Twins 2, Tigers 1

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MINNEAPOLIS (AP)—This is Boof Bonser’s third stint in the majors this season. His recent pitching performances suggest he won’t be getting sent back down again.

Bonser brought Minnesota a little bit closer in the tightening three-team race in the AL Central, striking out five and allowing only five hits in seven strong innings in the Twins’ 2-1 win over the Detroit Tigers on Saturday night.

Minnesota moved within three games of the division-leading Tigers with the victory.

“He’s been getting better. Just to see what he did tonight, I’m pretty confident when he gets on the mound now,” said Torii Hunter, who had Minnesota’s only RBI on a second-inning single against Tigers starter Nate Robertson (12-12).

But Bonser (5-5), the stone-faced, right-handed rookie with the peculiar first name, was good enough to give the Twins their second straight victory over Detroit. Afterward, he was all smiles, acknowledging his best big league outing to date.

“That felt great, man,” said Bonser, who walked two. “One run against that team? I’ll take it.”

The Chicago White Sox, who beat the Cleveland Indians 10-8, stayed a half-game behind Minnesota, which will throw All-Star ace Johan Santana on Sunday with a prime chance to win three out of four in the series. Santana hasn’t lost in the second half and hasn’t been beaten at the Metrodome in his last 21 starts.

“Anything’s possible,” said Detroit’s Curtis Granderson, who struck out three times. “We can still come out here and get a split.”

Pat Neshek struck out two in a perfect eighth, and Joe Nathan handled the ninth for his 30th save. Between Bonser, Neshek and Nathan, the Twins retired the last 17 Tigers batters.

Bonser had to work out of plenty of sticky spots early, with two runners on in the first and the bases loaded in the third. He didn’t let anyone score, though, until the fourth when Sean Casey drew a leadoff walk, took third on Brandon Inge’s double and scored on a groundout to first off the end of Omar Infante’s bat, cutting the Minnesota lead to 2-1.

He hasn’t been dominant by any means, but Bonser, one of three rookies currently in the rotation, has done an impressive job since being called up a month ago for the third time this season. In his last five starts, Bonser is 3-1 with 10 runs allowed in 30 2-3 innings.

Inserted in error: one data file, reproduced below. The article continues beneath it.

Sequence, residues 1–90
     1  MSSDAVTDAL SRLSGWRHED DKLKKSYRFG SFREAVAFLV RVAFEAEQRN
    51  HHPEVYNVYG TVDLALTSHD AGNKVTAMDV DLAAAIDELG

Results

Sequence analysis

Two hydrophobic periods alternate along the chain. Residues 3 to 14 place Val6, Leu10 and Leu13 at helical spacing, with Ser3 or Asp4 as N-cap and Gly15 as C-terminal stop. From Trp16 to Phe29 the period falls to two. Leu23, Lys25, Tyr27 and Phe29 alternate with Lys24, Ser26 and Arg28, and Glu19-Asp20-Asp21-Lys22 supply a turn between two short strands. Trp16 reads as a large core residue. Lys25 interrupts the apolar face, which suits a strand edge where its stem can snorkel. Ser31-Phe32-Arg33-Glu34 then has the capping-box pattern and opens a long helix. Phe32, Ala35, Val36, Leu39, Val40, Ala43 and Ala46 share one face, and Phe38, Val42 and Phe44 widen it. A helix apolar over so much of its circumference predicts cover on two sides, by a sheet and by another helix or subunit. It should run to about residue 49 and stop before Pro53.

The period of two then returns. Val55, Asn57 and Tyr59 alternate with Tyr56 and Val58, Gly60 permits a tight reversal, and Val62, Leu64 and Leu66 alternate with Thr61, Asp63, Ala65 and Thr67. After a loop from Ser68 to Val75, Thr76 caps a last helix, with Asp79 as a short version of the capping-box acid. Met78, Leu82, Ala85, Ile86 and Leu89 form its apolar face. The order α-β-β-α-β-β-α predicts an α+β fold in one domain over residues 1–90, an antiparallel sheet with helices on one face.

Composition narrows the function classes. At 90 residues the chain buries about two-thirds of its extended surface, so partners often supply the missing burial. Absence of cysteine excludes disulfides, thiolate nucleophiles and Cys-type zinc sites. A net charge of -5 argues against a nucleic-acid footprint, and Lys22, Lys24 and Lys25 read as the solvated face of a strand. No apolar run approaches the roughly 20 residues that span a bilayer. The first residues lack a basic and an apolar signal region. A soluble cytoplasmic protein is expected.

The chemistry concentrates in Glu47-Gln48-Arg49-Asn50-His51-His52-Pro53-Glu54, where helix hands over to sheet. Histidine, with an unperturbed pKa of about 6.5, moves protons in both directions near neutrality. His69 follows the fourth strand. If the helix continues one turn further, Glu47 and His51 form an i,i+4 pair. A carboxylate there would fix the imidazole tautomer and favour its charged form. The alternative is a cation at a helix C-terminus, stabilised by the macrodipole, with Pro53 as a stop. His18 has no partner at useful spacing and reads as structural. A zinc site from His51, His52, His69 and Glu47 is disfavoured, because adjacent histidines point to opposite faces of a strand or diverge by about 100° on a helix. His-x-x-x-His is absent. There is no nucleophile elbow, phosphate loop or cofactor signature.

Manager Ron Gardenhire was most pleased by the way he changed speeds and pitched ahead in the count, especially in the later innings when he was needed to give a tired bullpen some rest.

“I think he sees what makes you successful in this league,” Gardenhire said, “and that’s attacking and making your pitches.”

The Twins were excited, too, by news of left-hander Francisco Liriano’s successful rehab start for Triple-A Rochester in the International League playoffs. He threw three hitless innings and will rejoin Minnesota’s rotation next week, probably Wednesday.

Robertson pitched seven innings, allowing six hits, two runs, one earned, and one walk while striking out five. He impressed manager Jim Leyland by pitching through pain after Mike Redmond hit him with a line drive in the midsection at the end of the third.

“It was tremendous,” Leyland said. “I don’t think I’ve seen anything like that. It’s just unbelievable. One of the best pitching performances I’ve seen.”

Robertson’s only blemish was in the second, when Michael Cuddyer started with a single and—as he ran by Infante on a chop hit by Justin Morneau— distracted the second baseman enough to cause a misplay.

The ball rolled into right field and Cuddyer came all the way around to score. Morneau took third on Magglio Ordonez’s high throw home and scored when Hunter smacked a 2-2 pitch into left field.

“I’m not going to make this a big, dramatic story,” Robertson said. “I pitched through it. Wish we could have won the ballgame. We didn’t.”

Notes

With Minnesota’s 82nd win, Gardenhire is guaranteed his fifth straight season above .500. The last manager to start a career with five straight winning seasons was Toronto’s Cito Gaston, from 1989-1993. … Robertson has received only 24 runs of support in his 12 losses. … Bonser, for the record, legally changed his given name, John, to his childhood nickname, Boof, in 2001.

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